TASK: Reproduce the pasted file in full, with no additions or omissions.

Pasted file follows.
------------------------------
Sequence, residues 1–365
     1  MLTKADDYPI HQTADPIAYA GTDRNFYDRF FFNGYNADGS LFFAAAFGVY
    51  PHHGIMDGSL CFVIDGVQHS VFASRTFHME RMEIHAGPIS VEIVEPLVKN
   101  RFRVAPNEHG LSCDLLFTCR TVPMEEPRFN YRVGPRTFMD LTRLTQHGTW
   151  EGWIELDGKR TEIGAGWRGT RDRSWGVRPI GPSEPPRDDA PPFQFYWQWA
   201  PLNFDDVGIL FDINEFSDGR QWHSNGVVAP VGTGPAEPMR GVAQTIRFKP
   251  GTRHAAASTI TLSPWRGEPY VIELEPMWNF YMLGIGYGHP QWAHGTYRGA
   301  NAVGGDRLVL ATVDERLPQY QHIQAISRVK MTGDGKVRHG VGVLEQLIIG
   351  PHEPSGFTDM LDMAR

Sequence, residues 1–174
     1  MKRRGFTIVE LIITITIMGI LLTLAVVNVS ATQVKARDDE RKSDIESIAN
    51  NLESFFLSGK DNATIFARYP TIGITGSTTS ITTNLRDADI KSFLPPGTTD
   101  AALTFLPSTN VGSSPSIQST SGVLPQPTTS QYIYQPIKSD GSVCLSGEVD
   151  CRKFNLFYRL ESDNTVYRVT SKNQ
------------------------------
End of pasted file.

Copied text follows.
Sequence, residues 1–365
     1  MLTKADDYPI HQTADPIAYA GTDRNFYDRF FFNGYNADGS LFFAAAFGVY
    51  PHHGIMDGSL CFVIDGVQHS VFASRTFHME RMEIHAGPIS VEIVEPLVKN
   101  RFRVAPNEHG LSCDLLFTCR TVPMEEPRFN YRVGPRTFMD LTRLTQHGTW
   151  EGWIELDGKR TEIGAGWRGT RDRSWGVRPI GPSEPPRDDA PPFQFYWQWA
   201  PLNFDDVGIL FDINEFSDGR QWHSNGVVAP VGTGPAEPMR GVAQTIRFKP
   251  GTRHAAASTI TLSPWRGEPY VIELEPMWNF YMLGIGYGHP QWAHGTYRGA
   301  NAVGGDRLVL ATVDERLPQY QHIQAISRVK MTGDGKVRHG VGVLEQLIIG
   351  PHEPSGFTDM LDMAR

Sequence, residues 1–174
     1  MKRRGFTIVE LIITITIMGI LLTLAVVNVS ATQVKARDDE RKSDIESIAN
    51  NLESFFLSGK DNATIFARYP TIGITGSTTS ITTNLRDADI KSFLPPGTTD
   101  AALTFLPSTN VGSSPSIQST SGVLPQPTTS QYIYQPIKSD GSVCLSGEVD
   151  CRKFNLFYRL ESDNTVYRVT SKNQ